First Minister Rhodri Morgan has promised that the official inquiry into the south Wales E.coli outbreak will be independent and open.
But he strongly rejected as "ridiculous" any suggestion his government's response had been slow.
A week after the outbreak emerged, and as cases rose once more, to 115, Mr Morgan said lessons had to be learned.
Opposition parties had demanded that the inquiry must be fully public and said it should have been called sooner.
Health Minister Brian Gibbons announced on Friday that there would be an assembly government inquiry into Wales' worst E.coli outbreak, which has mostly affected children, at 32 schools in the valleys.
Twenty-five people have been taken to hospital so far, with four children still receiving treatment.
It has been linked to a Bridgend meat supplier, John Tudor and Son, although officials have said there is no conclusive evidence so far.
The first seven cases were confirmed last Sunday, and the total increased steadily throughout the week, topping 100 on Saturday.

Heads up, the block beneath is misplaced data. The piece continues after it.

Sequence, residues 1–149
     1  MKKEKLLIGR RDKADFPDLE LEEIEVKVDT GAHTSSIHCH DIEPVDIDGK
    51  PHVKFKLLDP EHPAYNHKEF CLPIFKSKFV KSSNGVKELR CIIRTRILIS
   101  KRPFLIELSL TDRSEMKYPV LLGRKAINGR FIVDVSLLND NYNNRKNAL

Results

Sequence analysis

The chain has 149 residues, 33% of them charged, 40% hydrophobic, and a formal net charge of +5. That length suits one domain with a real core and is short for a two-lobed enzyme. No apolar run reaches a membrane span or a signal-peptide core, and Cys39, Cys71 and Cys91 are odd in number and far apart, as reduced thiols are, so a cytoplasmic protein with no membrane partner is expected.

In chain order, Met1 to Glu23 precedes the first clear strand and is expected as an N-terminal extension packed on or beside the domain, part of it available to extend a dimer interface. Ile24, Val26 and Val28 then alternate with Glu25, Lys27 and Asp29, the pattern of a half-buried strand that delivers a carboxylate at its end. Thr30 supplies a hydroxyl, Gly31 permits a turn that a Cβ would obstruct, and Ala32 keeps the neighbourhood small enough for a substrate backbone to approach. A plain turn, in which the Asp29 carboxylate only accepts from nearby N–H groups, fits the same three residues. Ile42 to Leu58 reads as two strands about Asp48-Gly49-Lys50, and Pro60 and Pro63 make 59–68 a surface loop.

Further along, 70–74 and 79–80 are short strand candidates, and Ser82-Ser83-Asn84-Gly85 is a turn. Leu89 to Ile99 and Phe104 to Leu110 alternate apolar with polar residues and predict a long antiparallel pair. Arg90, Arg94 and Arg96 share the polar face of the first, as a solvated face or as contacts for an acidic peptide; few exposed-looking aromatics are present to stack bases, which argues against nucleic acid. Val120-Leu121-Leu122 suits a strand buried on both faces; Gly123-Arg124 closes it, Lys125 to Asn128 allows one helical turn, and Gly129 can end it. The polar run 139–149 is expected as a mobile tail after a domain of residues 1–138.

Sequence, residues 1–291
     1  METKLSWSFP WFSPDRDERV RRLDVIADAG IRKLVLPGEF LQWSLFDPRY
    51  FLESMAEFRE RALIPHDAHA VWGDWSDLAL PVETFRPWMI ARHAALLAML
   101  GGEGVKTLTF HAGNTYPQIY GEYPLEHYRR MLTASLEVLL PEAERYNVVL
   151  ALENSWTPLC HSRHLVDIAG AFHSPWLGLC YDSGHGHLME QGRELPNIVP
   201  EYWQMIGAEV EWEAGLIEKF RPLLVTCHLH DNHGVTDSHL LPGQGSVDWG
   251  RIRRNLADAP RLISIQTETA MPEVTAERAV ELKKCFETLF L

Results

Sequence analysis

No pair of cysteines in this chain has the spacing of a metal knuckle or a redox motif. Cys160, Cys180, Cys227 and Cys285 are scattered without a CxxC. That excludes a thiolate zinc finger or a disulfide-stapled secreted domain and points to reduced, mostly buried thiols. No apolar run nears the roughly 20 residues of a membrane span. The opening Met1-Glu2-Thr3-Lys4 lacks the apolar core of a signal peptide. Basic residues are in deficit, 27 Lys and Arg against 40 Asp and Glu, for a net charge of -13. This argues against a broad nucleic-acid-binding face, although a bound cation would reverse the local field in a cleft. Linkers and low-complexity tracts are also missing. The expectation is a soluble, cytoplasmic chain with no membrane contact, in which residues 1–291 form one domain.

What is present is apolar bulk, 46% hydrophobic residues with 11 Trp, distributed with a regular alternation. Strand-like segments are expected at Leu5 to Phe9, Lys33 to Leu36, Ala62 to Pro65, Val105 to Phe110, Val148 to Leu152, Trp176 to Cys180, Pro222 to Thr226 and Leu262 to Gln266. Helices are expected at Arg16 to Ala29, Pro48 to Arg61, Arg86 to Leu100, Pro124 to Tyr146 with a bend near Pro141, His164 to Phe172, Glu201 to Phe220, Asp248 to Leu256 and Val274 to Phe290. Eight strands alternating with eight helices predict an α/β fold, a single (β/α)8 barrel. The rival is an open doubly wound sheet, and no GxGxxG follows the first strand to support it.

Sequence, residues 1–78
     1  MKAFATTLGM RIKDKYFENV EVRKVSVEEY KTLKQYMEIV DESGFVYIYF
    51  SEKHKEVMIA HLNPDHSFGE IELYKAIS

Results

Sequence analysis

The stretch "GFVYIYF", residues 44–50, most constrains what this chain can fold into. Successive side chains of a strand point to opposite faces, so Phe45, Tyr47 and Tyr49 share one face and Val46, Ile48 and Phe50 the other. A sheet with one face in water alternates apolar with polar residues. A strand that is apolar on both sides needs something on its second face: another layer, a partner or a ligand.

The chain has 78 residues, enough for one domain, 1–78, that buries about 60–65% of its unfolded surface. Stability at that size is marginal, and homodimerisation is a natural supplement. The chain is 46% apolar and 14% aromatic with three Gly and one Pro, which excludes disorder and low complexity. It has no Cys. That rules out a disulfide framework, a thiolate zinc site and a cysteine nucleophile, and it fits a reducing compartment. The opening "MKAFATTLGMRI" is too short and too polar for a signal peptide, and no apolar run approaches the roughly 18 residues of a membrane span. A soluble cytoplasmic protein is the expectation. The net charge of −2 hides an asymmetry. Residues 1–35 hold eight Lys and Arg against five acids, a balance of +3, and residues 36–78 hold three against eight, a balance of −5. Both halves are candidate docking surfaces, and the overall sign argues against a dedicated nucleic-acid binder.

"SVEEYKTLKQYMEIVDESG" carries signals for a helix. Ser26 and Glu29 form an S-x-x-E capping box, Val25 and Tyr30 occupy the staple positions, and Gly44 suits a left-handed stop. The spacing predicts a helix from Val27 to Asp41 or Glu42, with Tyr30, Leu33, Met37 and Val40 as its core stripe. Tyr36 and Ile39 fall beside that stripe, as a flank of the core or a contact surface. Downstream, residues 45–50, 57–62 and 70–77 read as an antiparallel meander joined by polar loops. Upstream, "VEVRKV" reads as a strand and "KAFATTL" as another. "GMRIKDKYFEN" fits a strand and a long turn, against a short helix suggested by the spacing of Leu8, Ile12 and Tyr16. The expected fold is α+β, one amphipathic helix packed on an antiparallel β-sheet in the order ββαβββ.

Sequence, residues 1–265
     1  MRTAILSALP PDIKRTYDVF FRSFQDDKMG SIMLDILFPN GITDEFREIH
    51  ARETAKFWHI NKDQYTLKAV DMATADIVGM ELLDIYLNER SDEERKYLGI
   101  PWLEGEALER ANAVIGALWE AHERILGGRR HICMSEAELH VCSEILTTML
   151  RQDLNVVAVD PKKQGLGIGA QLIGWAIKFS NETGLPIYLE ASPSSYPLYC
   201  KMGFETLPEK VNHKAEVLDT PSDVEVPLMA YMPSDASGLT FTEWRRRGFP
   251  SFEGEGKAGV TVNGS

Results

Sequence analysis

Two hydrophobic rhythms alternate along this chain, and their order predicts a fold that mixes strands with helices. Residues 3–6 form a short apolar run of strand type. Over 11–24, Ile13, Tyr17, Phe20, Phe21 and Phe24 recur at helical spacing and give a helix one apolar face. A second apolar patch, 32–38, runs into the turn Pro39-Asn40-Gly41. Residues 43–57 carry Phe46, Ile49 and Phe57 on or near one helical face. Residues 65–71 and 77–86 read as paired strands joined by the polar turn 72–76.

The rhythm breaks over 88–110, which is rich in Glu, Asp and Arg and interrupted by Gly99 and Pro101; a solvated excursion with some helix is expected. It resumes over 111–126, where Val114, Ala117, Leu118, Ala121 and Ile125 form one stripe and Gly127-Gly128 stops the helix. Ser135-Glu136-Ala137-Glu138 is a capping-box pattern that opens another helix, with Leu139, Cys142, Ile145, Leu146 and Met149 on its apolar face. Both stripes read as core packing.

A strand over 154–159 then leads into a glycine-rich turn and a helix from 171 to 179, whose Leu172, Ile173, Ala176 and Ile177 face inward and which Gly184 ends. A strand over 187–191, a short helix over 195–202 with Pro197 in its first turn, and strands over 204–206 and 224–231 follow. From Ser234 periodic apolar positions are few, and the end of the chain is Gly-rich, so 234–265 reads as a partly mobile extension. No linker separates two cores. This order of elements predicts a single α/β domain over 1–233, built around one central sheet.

Mr Morgan told BBC Radio Wales' Sunday Edition he was "absolutely" committed to a full inquiry.
"There is no difficulty about having to make this as open and as independent and as transparent as possible," he said.
"I can't give you the details of the inquiry now, but simply a commitment that it will be an open inquiry, because the lessons must be learned."
Conservative AM Jonathan Morgan AM has said the inquiry should have been announced earlier when the apparent source of the E.coli was identified, and when it was clear cases would rise.
But asked whether the response had been slow, Mr Morgan said: "No, no, don't start pointing the finger of blame.
"People involved in the outbreak control team... have been working absolutely flat out and keeping Brian Gibbons and myself notified.
"They are working from seven in the morning until 11 at night. I will not have this criticism - it is ridiculous."
Plaid Cymru AM Leanne Wood has questioned whether the contracting out of school meals should end and called for better inspection of food suppliers.
She also suggested Wales should follow Scotland after its fatal E.coli outbreak in 1996 and set up a task force to protect people.